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Google confirms critical Android crypto flaw used in Bitcoin heist (arstechnica.com)
131 points by shawndumas on Aug 15, 2013 | hide | past | web | favorite | 43 comments



And now we simply wait for cell carriers/handset manufacturers to push out updates for all the handsets in the field.


No need to wait for the carriers. Google published sample code for app developers to get good entropy.

http://android-developers.blogspot.com/2013/08/some-securera...


Yep. Everyone who normally pretends that Android fragmentation is "not that big a deal" is going to squirm.


This is why I use Cyanogenmod. I get better support from a bunch of unpaid yahoos who like to dork around with phones than from the carriers and handset manufactures.

I am willing to bet Cyanogenmod will have a fix out in days, if not hours.

This goes for other ROMs like Paranoid too.

I refuse to buy hardware which isn't supported by the open-source community, such as Cyanogen.

If I don't 0wn it, I don't own it.


I know, right? Things would be so much better if the dominant OS was a closed platform, and only ran on hardware made by the same company and only ran apps purchased though a tightly controlled store run by the same company. Of course then they could shut out other service providers such as maps and cloud services, and basically wreck the industry for almost everyone except themselves, but at least we would get timely updates.


I'm curious. What maps and cloud services providers have been shut out of iOS? I recall that google maps has an app, dropbox has an app, there are even non iTunes music players. One of the criteria for the app store doesn't seem to be "can't compete with Apple." So this little diatribe about "wrecking the industry" is a bit unfounded. There's nothing stopping you or anyone else from creating their own OS and their own hardware to run it on and marketing it to people and selling it.

Dropbox is a huge competitor to Apple's cloud services. While they're different, if Apple really was trying to be heavy handed, Dropbox would never have gotten on the App Store. By the way, what's the default maps application on Android? Google is a model of openness right? So open that your gmail has "no expectation of privacy." I wonder how they feel about things being done using an Android device. After all, if even your private person-to-person emails have no privacy expectation, then what expectation would one have for using an Android device?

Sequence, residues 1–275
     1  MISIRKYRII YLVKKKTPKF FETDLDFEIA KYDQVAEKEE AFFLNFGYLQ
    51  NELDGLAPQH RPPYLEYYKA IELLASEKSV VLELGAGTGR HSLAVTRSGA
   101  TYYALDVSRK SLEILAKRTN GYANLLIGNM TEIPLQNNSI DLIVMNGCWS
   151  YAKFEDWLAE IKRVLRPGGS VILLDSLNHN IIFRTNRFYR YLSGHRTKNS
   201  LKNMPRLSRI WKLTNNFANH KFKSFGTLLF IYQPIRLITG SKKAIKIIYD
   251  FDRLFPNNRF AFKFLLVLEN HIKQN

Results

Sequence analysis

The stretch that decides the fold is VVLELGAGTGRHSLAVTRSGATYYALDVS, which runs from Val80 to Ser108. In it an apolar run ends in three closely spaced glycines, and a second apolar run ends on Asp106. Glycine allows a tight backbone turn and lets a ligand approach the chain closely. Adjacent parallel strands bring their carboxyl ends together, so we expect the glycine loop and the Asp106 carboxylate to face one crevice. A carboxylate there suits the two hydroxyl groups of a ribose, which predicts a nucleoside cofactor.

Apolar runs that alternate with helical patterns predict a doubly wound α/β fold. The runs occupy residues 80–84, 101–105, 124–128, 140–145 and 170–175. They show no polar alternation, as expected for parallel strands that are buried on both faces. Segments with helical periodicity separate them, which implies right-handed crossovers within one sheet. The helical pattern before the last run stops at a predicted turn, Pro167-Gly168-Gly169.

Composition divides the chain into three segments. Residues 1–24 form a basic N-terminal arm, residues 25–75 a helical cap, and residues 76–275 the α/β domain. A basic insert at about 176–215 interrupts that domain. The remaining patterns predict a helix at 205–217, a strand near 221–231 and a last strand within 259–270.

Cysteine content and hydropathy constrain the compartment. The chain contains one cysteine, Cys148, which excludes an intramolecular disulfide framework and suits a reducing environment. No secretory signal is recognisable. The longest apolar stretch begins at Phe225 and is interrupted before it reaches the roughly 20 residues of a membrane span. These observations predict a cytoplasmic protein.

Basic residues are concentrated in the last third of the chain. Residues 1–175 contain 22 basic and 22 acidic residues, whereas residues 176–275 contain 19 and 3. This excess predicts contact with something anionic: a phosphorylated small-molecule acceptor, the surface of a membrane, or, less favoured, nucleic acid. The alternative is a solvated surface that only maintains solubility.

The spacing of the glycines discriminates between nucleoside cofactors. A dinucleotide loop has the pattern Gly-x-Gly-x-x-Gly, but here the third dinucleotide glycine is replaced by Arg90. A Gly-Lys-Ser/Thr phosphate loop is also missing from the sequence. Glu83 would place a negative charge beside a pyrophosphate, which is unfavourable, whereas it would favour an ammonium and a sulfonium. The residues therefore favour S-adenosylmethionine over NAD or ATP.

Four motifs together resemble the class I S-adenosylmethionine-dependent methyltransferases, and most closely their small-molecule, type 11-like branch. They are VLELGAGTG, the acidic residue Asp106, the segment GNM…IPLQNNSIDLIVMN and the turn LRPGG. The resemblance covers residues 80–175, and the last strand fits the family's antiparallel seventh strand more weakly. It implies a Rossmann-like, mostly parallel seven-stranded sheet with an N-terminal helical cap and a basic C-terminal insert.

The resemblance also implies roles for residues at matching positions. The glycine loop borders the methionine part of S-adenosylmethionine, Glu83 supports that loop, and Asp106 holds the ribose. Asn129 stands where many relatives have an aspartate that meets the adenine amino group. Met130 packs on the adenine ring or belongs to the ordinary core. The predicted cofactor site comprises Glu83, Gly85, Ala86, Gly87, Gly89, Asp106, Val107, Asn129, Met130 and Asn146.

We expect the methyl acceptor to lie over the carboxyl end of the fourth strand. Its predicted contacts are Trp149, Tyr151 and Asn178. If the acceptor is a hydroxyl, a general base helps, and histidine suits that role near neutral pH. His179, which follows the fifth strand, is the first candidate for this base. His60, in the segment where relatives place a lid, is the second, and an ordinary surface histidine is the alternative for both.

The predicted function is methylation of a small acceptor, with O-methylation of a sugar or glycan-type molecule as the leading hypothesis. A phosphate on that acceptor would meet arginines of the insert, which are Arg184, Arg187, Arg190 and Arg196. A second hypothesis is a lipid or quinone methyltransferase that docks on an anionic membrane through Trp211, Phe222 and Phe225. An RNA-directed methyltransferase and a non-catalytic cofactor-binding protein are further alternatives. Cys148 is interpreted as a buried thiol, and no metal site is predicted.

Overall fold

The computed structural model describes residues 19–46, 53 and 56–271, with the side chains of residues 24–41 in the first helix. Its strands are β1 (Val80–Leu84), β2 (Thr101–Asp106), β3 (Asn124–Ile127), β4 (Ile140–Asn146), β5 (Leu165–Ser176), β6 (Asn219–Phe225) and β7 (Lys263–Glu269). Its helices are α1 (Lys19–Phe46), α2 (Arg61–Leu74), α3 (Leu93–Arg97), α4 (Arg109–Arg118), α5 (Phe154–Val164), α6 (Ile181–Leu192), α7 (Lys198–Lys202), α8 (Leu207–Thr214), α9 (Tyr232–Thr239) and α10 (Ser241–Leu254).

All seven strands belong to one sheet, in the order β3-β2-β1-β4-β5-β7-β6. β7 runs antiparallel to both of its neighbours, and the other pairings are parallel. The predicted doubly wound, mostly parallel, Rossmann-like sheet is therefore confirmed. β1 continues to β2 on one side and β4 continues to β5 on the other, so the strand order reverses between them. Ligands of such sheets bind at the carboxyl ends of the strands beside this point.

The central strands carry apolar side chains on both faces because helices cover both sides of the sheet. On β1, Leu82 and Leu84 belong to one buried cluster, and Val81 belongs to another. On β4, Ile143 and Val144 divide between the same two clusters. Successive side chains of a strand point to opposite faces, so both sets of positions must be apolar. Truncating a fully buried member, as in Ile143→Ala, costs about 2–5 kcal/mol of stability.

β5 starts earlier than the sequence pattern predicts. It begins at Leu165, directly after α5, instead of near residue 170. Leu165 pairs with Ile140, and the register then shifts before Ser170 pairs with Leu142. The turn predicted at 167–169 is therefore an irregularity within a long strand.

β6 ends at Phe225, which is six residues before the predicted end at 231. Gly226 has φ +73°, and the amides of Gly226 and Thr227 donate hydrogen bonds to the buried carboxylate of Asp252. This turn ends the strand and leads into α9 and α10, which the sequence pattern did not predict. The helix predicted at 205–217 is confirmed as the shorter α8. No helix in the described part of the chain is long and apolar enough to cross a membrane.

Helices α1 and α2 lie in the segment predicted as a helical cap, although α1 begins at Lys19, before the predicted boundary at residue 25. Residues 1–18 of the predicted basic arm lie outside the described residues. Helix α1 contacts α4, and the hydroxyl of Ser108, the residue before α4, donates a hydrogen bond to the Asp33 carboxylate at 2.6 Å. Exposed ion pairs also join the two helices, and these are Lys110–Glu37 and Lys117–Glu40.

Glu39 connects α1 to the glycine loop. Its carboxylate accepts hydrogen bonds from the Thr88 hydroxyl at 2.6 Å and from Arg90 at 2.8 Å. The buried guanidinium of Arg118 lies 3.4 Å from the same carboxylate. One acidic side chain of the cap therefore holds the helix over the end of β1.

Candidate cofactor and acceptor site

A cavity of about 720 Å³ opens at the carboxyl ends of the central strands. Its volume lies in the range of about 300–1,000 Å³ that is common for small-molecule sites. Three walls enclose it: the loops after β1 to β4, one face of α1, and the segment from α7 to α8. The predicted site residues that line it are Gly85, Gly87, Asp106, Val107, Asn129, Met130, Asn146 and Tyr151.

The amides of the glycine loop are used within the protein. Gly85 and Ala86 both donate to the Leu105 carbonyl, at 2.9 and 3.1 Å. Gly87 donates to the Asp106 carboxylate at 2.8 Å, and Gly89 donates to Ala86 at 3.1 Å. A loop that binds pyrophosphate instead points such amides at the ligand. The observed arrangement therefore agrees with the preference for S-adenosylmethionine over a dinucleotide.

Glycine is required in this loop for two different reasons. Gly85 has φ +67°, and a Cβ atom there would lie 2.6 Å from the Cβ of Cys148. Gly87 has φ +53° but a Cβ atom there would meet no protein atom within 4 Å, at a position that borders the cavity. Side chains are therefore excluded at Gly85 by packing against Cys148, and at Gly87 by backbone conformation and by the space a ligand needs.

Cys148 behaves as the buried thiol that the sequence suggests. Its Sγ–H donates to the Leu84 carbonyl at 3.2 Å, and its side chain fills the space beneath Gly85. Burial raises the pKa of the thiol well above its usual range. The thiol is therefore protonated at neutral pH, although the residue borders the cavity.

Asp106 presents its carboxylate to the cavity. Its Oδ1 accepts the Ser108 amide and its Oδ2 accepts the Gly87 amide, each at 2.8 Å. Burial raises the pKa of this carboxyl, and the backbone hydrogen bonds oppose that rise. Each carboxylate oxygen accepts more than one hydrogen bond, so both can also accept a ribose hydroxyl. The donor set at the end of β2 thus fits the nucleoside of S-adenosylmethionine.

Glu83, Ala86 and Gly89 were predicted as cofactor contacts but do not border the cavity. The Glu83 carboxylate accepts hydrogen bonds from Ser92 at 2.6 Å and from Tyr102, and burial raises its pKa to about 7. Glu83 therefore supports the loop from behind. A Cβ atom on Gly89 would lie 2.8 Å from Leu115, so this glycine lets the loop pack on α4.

As far as "wrecking the industry," I've never made more money from development as I have since the App store came along. So unless your industry is creating malware or porn apps, iOS has hardly wrecked anything. If it weren't for iOS, there'd likely be no Android. Apple essentially created the smartphone industry, at least as we know it today. Entire new businesses were created because of the App Store. I can't even on one hand the number of consumer mobile development companies that existed before iPhone. I'm sure there were plenty, but hardly the billion dollar industry it is today.

I'm not an Apple apologist, however when I see the same tired arguments about the "closed" ecosystem it gets frustrating. Especially since the App Store has over 900,000 apps. That's a lot of apps for such an oppressive system. A large percentage of them are crap, but comparing sales numbers to Google Play, it's pretty obvious that Apple is doing something right, at least from the perspective of the consumer -- which is the market. There are some notable screwups with the app approval process, however weighing that in the aggregate against the overall success of developers within the App store, the screwups are a drop in the bucket.